Here I am, sitting on an airplane flying thirty thousand feet above a sea of clouds. The sun is just rising in the horizon, an orangy-yellow presence outside the oval plane window. I am flying to Los Angeles, where, for the next three days, I will attend the Society of Children Book Writers and Illustrators conference. Yesterday I was all mother. For the next three days I get to be all writer, guilt-free.
Guilt defines much of who I am. Since the children spend only half of the week with me, I want to give them my entire attention when they are around. Partly I do this to make up for not being there the other half of the week, and partly because I want to give them so much, but I don’t have enough time. My writing, therefore, takes second place (or even third and fourth) when the children are around.
A writers’ conference, however, is a different story. It sounds so…, well, so legitimate, so important. It sounds real! Engineers, teachers, people with real jobs go to conferences. And once in a while so do I. I go to the conference and feel that I’m doing something to further my career. I’m making contacts, deepening my knowledge of the business of writing and publishing. Then, after three days of taking myself seriously, I go back home to writing on a desk surrounded by pecking chickens, barking dogs, and attention-deprived children.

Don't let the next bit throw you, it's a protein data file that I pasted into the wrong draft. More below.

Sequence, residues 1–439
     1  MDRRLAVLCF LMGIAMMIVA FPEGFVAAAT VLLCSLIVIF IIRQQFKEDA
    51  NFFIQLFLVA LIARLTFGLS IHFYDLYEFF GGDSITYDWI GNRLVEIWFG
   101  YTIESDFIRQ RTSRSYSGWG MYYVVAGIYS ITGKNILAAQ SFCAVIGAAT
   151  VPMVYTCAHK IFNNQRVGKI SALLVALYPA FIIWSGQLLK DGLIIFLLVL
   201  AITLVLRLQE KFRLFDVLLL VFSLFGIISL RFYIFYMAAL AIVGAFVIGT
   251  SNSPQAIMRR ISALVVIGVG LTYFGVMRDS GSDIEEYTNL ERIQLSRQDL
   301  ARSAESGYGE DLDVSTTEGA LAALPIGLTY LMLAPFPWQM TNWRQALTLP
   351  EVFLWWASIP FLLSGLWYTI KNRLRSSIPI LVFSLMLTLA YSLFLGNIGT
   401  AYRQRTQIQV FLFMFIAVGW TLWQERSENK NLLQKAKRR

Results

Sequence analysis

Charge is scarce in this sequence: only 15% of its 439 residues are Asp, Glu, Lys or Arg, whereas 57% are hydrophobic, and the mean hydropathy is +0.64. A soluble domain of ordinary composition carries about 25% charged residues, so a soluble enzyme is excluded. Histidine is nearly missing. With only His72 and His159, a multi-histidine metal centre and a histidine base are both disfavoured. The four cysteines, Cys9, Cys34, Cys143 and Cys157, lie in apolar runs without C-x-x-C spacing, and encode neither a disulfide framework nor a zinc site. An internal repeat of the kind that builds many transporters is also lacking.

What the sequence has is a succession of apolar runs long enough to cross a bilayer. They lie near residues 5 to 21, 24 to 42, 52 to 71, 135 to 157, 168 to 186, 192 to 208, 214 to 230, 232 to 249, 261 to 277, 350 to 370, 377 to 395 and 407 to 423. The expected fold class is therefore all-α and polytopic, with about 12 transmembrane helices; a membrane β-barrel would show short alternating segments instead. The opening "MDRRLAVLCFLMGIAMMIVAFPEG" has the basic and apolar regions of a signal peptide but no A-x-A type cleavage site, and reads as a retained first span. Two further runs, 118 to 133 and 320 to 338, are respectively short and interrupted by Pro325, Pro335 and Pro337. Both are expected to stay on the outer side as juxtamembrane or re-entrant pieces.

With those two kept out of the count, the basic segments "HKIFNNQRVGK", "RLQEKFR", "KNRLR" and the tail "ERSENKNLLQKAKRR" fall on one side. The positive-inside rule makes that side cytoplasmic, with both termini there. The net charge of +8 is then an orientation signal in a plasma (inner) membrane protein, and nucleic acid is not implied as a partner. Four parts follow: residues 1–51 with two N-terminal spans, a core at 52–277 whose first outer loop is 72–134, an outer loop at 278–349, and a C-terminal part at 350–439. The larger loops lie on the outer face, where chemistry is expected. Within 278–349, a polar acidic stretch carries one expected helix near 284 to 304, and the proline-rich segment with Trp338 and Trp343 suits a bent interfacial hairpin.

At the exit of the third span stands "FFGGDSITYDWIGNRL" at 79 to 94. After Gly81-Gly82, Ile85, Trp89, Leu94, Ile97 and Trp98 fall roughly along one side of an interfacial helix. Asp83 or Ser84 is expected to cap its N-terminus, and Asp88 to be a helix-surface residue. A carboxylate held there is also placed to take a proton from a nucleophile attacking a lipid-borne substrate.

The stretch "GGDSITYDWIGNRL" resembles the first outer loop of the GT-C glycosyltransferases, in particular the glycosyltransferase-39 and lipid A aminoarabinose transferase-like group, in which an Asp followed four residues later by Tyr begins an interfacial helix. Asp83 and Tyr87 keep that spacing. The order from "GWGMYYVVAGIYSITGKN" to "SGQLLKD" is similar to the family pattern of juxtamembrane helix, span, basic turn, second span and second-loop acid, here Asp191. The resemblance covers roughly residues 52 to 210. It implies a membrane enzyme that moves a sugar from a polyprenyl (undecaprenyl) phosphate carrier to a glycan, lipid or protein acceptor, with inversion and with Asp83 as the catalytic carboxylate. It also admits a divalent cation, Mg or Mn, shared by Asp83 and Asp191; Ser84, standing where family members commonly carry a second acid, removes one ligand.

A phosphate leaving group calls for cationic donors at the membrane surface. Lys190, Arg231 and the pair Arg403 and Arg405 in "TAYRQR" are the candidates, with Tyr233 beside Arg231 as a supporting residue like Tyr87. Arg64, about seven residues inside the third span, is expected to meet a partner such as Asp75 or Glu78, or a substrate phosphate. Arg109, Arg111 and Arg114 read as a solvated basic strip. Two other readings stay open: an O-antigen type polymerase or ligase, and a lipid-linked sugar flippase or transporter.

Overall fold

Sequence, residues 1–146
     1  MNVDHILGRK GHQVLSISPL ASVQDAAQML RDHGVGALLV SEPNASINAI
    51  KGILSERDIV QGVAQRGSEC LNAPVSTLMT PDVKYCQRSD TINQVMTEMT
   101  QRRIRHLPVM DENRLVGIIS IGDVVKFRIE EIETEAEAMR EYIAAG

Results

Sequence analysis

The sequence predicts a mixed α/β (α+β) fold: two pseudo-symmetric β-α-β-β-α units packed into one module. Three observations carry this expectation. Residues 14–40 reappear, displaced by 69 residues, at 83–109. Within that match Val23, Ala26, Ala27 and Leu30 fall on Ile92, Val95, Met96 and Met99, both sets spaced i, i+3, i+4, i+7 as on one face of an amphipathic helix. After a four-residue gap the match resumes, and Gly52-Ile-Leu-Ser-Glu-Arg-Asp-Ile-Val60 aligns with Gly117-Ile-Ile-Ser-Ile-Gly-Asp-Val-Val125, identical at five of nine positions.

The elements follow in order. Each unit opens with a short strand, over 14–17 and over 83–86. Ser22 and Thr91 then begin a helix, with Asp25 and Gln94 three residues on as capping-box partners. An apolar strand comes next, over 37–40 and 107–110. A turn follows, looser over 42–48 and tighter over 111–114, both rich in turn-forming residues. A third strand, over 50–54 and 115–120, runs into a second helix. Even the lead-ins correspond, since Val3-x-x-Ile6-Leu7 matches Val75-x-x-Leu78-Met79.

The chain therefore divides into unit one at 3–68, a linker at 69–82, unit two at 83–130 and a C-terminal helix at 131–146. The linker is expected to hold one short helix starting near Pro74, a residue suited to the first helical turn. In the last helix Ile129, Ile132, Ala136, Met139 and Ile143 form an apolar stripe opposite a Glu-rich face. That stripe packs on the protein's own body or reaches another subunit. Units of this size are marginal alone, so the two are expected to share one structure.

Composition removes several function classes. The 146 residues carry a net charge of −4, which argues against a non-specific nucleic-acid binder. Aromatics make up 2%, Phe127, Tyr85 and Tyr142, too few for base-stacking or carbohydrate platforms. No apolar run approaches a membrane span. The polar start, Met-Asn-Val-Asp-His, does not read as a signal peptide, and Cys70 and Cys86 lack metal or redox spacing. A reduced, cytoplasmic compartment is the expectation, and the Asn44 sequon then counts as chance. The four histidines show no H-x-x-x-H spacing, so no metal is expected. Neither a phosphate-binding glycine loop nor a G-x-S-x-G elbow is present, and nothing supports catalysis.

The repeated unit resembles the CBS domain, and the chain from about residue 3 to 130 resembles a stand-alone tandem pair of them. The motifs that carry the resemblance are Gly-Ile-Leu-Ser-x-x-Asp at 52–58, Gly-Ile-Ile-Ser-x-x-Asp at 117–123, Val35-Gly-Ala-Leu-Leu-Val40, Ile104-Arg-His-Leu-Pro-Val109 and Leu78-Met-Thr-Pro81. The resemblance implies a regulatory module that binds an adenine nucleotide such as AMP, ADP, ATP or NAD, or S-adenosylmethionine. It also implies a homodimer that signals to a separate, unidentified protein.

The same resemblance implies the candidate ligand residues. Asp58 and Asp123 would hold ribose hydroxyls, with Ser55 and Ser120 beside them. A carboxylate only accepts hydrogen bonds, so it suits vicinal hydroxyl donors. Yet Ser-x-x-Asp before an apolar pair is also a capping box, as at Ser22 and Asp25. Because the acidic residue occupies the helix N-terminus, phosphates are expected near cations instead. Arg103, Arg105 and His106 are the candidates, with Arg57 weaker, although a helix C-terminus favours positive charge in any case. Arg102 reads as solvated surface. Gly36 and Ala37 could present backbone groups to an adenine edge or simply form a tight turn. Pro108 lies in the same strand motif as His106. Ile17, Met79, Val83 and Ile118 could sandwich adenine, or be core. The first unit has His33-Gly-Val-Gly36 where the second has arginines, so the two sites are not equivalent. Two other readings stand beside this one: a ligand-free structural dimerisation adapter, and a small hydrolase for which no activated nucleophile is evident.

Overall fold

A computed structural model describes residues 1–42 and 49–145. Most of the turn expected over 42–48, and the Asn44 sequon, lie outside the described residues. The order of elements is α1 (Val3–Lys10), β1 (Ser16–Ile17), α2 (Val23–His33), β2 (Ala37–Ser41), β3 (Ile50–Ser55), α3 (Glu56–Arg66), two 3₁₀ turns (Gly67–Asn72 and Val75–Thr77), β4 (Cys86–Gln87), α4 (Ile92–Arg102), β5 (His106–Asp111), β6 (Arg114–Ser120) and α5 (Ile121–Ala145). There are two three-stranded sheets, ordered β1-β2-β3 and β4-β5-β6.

|The quiet before the storm — conference main room
The truth is that at home I doubt the legitimacy of my writing. I minimize my computer time when the children are around so as not to encourage them to spend time on their computers as well. Except, here’s what makes no sense about this: I am not playing on the computer or watching a teen series with too-beautiful photo-shopped young people. I am working! I am writing, and someday someone will want to read what I write. Right?
Am I working, or am I playing around? Am I indulging in a hobby which might never become a job? Certainly, I don’t treat writing as a job. I do not sit at my desk 9 to 5. And if part of the definition of a job is that it earns the worker money, then I am not exactly up to standard in that. I do what I love, and I feel privileged and grateful to be able to do that. But with an inexplicable fear of what others, my children included, will say, I don’t follow my writing ambitions, yet, with the same single-minded sense of purpose that I do other goals of my life. Motherhood, for example.
My son tells me: “Why are you on the computer all the time?” “Blogging,” he answers his own question, and a tone of hurt (or is it contempt?) sneaks into his voice. Once again I realize how important it is for me to feel the legitimacy of my writing, make room for WRITER in my definition of self. It’s ok, I think, frightening though it is for me to say, not to be 100% mother all the time. I wonder what will happen when I stop being afraid of being more than mother, and give myself permission to feel sometimes all writer inside….